Lung Cancer is the leading cause of death in both men and women in the United States and it is still on the rise. In 1964, the Surgeon General’s report concluded that tobacco smoke was a cause of lung cancer. Today, smoking is thought to cause up to 90 percent of lung cancers.
Currently, the 5 year survival rate for lung cancer is 15%, as compared to breast, colon and prostate cancer which have more favorable rates between 65 and 99%. Survival rates for lung cancer generally improve with early diagnosis. The 5 year survival rate for lung cancer approaches 50% if it is still localized at the time of detection. However, only 1 in 4 lung cancer cases are diagnosed early.
Historically, physicians relied mainly on chest x-rays to screen for lung cancer, but this exam does not show small lesions in the lung sufficiently. Computed tomography (CT) is a specialized x-ray based imaging test that can detect lung cancer when it is still very small and localized. In August 2011, the National Cancer Institute released results from its National Lung Screening Trial (NLST) which randomly screened at-risk smokers with either low dose CT or standard chest x-ray. The study found that the improved ability of low dose CT scans to identify and diagnose lung cancer could reduce mortality from lung cancer by 20% compared to chest x-rays.
These findings led the American Lung Association (ALA) to re-examine their current policy on lung cancer screening. In April 2012, the ALA published new interim guidelines to assist physicians, their patients and the public in their discussions about lung cancer screening. The new recommendations are:
- The best way to prevent lung cancer caused by tobacco use is to never start or to quit smoking
- Low-dose CT screening should be recommended for those people who meet NLST criteria:
- Current or former smokers, aged 55 to 74 years
- A smoking history of a pack a day for 30 years or 2 packs a day for 15 years
- No history of lung cancer
- Individuals should not receive a chest x-ray for lung cancer screening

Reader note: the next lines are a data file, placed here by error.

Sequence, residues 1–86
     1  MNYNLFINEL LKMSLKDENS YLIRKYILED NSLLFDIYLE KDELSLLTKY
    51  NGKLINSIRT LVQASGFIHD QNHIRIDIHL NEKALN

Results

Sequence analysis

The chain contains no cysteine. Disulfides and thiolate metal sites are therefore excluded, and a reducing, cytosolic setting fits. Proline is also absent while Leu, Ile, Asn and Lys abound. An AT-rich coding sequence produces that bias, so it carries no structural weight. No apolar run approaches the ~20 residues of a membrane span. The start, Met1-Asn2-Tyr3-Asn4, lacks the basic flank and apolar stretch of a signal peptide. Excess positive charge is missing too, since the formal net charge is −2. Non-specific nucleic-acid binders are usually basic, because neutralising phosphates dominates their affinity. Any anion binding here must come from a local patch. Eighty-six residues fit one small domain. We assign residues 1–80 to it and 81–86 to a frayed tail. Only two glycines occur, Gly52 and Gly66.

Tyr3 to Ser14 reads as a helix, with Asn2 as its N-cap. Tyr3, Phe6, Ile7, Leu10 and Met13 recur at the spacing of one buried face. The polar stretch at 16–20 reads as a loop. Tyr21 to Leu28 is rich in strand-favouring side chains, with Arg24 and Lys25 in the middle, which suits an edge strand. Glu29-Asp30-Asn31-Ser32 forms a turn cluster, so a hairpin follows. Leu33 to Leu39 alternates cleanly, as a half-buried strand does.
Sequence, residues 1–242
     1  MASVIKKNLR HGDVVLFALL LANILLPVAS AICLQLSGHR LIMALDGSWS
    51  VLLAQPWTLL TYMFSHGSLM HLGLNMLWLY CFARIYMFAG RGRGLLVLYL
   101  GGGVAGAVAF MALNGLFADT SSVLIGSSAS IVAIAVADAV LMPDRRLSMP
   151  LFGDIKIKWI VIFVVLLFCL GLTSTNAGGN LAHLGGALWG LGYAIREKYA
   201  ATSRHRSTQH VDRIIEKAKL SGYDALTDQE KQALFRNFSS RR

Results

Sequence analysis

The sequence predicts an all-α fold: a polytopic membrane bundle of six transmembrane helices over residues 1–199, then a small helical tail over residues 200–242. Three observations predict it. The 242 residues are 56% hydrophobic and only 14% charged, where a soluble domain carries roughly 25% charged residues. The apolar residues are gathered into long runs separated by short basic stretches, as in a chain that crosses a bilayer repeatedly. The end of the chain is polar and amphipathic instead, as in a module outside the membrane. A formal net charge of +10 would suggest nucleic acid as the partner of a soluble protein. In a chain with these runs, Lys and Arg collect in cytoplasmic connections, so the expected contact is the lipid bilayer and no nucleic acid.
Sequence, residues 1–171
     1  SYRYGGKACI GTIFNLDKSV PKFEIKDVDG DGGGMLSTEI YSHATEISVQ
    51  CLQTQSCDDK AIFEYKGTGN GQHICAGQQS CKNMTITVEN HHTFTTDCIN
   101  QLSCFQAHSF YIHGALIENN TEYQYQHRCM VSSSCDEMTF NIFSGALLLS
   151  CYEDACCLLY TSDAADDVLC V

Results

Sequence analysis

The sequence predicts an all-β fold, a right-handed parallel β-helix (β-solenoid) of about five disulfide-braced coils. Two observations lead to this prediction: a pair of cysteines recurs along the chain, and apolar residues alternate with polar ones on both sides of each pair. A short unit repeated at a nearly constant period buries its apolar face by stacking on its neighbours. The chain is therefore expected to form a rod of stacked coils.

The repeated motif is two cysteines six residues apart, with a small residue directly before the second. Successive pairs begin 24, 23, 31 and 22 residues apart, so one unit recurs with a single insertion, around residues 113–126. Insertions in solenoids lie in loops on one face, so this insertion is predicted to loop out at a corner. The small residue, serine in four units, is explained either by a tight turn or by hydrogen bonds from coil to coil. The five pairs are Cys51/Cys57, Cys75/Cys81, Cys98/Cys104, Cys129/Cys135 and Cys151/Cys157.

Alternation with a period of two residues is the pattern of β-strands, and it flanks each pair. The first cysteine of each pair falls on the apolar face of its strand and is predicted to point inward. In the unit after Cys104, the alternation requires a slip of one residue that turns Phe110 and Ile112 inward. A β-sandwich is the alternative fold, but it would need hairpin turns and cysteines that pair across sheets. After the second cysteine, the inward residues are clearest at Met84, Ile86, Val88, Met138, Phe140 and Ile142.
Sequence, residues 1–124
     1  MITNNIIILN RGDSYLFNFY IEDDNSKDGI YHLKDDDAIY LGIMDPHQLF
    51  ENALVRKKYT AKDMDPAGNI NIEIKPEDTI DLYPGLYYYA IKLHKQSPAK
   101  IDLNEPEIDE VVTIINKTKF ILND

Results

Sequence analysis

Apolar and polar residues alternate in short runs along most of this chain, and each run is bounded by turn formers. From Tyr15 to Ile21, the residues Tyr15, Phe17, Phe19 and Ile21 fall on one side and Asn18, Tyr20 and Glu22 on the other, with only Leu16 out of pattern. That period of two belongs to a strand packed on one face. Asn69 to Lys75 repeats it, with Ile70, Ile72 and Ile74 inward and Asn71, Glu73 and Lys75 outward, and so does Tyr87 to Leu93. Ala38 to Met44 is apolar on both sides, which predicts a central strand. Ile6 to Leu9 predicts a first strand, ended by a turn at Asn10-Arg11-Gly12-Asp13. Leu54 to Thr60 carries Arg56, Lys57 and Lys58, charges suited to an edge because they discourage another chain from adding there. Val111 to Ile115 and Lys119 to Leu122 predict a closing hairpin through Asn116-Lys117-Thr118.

- Low-dose CT screening should NOT be recommended for everyone
- ALA should develop public health materials describing the lung cancer screening process in order to assist patients in talking with their doctors. This educational portfolio should clarify:
- The difference between a screening process and a diagnostic test
- The benefits, risks and costs (emotional, physical and economic)
- That not all lung cancers will be detected through use of low dose CT scanning
Other recommendations made in the report include referring patients to facilities that have experience in conducting low dose CT scans and that employ multidisciplinary teams with comprehensive follow up care.
Early detection and treatment can make the difference in the successful treatment of lung cancer and long term survival. New minimally invasive techniques are available to diagnose and treat lung cancer if the cancer is found at an early stage. This is especially important for individuals who do not demonstrate any symptoms but have a higher risk of acquiring lung cancer than the general population.
Dr. Neumann is a Board Certified Radiologist with Desert Medical Imaging which performs the CT screening exam at all four of their locations in Indian Wells, Palm Springs, Indio and Yucca Valley. For more information call 760-694-9559.